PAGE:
NBC News interviewed Judith Levine, who argues that poor women have lost trust in institutions and men, and that this distrust is just another form of inequality. That may be so, but it is "inequality" that is a result of these women's life choices, not imposed on them by law. In any event, I found the following statement to be interesting:
You also talk about how boyfriends and romantic partners are part of this vicious cycle.
Some low-income men are trying to do well by the women in their lives. But many women told stories of boyfriends who were violent or, in less extreme cases, were not supportive of women’s attempts to make it in the workforce, boyfriends who would promise to watch children and then would get drunk, or not show up at the last minute, which caused women to lose their jobs. Due to all these experiences, women were very hesitant to want to get married. And so they go it alone, for the most part, and they don’t have two incomes and a household, they don’t have help managing the strain of balancing work and motherhood in low-wage jobs.What Levine is really saying is that the pool of good men has dried up. Levine comments hints that she would absolve these women from responsibility for this outcome, but their situation was the result of a series of bad life choices, each compounding the prior. They have a hard row to hoe ahead of them.
The issue of the drying of the pool of good men is complicated. I will bluntly suggest that a lot of these women probably have no interest in "good men" that would be willing to settle down with them, but that is another issue. Rather, it is the declining incentives of being a father--a topic which I have raised before. So, another article on this issue from the Christian Post (h/t Instapundit)--"From Father Knows Best to Father Doesn't Matter."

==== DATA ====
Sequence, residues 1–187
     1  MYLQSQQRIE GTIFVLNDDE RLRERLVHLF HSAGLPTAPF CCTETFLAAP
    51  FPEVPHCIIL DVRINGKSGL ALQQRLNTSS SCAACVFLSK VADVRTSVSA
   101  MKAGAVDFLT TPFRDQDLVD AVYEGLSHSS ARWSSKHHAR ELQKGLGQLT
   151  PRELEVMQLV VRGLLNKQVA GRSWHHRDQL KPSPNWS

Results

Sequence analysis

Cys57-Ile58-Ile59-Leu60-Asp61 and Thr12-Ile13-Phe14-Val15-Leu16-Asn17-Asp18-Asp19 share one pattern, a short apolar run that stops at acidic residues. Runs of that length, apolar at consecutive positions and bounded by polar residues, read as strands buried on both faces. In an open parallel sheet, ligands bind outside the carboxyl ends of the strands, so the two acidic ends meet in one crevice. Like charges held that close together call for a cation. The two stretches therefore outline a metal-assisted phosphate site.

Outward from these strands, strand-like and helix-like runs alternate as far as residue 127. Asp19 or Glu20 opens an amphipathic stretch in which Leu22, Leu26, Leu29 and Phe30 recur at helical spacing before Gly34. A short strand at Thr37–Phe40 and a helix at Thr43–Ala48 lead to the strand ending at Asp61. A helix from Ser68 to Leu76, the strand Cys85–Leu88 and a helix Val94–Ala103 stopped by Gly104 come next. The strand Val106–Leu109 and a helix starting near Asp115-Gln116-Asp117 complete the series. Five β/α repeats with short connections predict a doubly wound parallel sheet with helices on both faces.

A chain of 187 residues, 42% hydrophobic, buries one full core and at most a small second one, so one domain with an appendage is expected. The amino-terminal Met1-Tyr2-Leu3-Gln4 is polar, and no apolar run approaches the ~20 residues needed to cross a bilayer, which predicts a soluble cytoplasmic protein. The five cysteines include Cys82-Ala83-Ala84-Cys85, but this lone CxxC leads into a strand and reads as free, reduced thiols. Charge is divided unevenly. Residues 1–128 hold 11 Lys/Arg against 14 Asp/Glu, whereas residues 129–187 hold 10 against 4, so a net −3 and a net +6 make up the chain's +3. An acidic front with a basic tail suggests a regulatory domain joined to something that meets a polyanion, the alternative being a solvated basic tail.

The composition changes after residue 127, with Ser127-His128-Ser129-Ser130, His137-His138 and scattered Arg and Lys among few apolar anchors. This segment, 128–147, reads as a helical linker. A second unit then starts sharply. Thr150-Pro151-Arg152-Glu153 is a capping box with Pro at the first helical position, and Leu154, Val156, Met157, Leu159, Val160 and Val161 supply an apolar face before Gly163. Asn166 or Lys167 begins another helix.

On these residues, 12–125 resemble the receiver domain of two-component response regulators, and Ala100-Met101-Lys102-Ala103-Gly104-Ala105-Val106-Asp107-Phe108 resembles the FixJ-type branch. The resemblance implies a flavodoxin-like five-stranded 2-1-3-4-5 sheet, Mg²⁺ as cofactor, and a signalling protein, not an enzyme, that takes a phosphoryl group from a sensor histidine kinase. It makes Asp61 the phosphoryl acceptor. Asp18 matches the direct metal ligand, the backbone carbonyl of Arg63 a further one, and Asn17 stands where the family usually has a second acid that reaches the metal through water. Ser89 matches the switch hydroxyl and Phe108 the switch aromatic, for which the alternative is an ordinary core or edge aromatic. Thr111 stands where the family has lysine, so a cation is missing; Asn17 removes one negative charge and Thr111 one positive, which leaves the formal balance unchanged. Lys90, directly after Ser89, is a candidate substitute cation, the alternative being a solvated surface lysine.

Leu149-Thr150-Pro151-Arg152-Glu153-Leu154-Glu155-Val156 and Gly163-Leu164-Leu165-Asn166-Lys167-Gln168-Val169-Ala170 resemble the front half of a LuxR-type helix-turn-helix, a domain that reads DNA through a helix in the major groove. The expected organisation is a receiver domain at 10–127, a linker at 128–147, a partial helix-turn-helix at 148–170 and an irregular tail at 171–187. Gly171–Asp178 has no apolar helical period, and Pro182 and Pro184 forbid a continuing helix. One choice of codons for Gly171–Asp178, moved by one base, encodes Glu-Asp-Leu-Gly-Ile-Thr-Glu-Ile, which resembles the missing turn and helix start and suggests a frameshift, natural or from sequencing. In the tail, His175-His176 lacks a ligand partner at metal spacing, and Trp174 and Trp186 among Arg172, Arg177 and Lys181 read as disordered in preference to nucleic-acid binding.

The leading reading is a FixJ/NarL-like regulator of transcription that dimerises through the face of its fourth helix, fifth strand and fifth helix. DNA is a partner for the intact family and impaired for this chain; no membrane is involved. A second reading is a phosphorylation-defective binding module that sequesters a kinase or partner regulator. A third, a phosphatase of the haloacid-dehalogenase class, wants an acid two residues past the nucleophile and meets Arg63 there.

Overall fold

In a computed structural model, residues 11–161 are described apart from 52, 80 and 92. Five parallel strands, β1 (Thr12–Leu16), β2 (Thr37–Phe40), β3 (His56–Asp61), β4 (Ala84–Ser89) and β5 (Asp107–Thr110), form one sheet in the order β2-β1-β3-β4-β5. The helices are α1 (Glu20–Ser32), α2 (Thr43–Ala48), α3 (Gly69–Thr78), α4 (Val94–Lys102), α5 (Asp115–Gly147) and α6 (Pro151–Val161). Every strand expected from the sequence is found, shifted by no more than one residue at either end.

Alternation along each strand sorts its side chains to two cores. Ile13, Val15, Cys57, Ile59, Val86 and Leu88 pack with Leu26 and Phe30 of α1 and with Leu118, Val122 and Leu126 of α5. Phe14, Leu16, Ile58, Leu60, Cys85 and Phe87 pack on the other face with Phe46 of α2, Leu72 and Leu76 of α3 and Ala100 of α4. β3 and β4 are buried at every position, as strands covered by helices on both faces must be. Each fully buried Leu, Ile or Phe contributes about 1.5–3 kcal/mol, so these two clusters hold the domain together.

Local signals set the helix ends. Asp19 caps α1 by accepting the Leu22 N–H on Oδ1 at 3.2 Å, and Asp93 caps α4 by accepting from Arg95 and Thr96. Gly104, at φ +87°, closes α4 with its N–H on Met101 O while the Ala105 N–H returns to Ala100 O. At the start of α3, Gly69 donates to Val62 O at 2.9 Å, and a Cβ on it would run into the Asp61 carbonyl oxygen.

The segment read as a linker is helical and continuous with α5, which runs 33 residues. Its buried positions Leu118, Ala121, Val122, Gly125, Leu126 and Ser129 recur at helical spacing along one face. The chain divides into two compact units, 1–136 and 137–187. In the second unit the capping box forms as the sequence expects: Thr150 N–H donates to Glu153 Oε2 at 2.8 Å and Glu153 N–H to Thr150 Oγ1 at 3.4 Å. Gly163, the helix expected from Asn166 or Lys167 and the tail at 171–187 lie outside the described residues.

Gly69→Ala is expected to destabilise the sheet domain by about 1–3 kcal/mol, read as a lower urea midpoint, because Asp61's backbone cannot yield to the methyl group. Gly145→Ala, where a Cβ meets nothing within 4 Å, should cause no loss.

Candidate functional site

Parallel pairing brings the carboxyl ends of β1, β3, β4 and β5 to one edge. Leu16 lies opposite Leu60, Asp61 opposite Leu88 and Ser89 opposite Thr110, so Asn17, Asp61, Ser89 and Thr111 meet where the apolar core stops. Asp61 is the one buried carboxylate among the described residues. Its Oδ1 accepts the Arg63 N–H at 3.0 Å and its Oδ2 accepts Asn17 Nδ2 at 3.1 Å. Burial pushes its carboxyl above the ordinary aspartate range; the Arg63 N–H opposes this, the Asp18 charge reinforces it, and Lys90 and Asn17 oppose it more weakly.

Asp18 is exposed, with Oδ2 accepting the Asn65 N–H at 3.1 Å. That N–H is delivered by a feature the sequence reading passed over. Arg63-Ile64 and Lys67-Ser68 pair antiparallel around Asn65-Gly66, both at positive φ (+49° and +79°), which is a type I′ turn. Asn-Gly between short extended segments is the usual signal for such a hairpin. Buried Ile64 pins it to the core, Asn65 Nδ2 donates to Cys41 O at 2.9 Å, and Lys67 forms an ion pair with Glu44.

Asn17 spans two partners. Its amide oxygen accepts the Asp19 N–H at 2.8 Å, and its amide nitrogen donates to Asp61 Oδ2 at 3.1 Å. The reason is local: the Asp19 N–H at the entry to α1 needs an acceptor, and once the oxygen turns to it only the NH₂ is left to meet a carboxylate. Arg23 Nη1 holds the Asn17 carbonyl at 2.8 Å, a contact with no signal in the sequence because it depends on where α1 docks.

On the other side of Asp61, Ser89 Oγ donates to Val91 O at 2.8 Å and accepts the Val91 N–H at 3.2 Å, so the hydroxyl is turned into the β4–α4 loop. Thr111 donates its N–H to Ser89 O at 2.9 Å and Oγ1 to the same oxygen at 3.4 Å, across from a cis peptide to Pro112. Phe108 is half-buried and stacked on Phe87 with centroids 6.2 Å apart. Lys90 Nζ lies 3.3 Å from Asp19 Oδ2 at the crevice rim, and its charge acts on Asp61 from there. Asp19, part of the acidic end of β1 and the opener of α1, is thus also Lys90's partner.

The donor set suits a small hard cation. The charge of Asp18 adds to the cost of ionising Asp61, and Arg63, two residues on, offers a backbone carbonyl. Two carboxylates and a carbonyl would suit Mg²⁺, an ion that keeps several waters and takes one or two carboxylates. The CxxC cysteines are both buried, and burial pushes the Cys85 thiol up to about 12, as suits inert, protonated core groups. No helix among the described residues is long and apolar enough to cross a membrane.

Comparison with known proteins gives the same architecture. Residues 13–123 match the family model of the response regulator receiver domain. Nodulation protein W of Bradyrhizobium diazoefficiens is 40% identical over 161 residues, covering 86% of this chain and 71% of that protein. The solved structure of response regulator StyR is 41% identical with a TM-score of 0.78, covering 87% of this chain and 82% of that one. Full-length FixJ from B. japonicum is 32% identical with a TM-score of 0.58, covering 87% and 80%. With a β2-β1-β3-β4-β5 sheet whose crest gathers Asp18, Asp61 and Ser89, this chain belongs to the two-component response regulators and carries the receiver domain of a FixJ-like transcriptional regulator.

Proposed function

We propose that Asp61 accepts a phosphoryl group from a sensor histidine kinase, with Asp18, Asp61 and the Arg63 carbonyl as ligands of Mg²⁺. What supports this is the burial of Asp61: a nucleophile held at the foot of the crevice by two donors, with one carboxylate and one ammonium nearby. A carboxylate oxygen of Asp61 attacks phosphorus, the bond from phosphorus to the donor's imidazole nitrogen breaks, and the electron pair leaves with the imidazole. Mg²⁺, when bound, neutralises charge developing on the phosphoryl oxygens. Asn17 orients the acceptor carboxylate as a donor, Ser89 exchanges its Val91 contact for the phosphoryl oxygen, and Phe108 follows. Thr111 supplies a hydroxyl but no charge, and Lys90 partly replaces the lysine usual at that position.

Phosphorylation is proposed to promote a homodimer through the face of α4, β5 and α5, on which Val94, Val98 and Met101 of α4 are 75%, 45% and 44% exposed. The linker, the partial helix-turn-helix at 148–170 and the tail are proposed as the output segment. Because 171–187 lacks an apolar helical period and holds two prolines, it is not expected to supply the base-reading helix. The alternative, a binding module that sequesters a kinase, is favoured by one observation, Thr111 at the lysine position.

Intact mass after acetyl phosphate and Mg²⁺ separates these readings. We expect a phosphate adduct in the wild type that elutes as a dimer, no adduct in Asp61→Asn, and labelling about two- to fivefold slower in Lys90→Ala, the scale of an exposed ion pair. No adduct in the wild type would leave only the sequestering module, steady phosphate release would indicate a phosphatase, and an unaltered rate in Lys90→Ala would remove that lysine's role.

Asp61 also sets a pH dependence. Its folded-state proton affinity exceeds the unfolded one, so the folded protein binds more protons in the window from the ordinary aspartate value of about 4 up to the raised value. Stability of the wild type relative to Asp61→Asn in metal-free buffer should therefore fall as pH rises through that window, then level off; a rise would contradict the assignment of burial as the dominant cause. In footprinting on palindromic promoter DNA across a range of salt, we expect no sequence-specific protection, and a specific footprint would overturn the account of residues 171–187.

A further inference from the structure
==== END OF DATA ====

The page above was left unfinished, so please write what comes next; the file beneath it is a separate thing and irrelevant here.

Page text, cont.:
Read the whole thing.
In America, roughly 39,000 suicides take place each year – 30,000 of which are committed by men. Ironically, most suicide literature will usually have a woman depicted on front with little attention paid to the mental health and wellness of men. ...
The number of American males valuing marriage is plummeting. According to Dr. Helen Smith, author of Men on Strike, approximately one-third of American men do not value marriage. Even college-degreed men, whom usually marry at a rate of over 80%, are beginning to no longer value marriage even as the number of women valuing marriage is skyrocketing. When men get married, research is proving that their connections and support groups dwindle – thus isolating them socially and emotionally. This is evident with the popular "man cave" as it is representative of how society and families now treat men. In prior decades, the man was "king of the castle" and adored for his hard work and sage advice. Today, men have become the butt of family jokes as they get the worst parts of the house where they have to carve out a nook to get a little relief and control. And, should a divorce happen, men following the Christian ideals of family life usually get hurt the most financially, emotionally, and with the loss of their own children.
Socially, men are looked down upon more than at any other time in history. Men are seen more as criminals than social pillars. ...
Verily, the greatest impact on men boycotting society has involved the future well-being of our nation's children. It is well known that fatherless children are more likely to grow up impoverished and victims of neglect, abuse, and sexual molestation at significantly higher rates. However, the true impact of fatherless homes isn't understood until the data is reviewed in greater detail.
The U.S. Department of Health notes that 63% of youth suicides come from fatherless homes – five times the normal average. The Center for Disease Control notes that 85% of all children who have mental or behavioral disorders come from fatherless homes – 20 times the normal average. The Journal of Family and Culture once noted an over 100% increase in juvenile self-identification as "homosexual" once a father leaves the home. Pediatrics journal noted in 2011 that homosexual teens are five times more likely to commit suicide than heterosexual teens. Fatherless teenage girls are 711% more likely to have children as a teen, 53% more likely to marry as a teen, and 92% more likely to get divorced. Over 50% of women in prison came from fatherless homes. Over two-thirds of teens in chemical dependence programs come from fatherless homes. And, according to the National Principals Association, some 71% of high school drop-outs come from fatherless homes.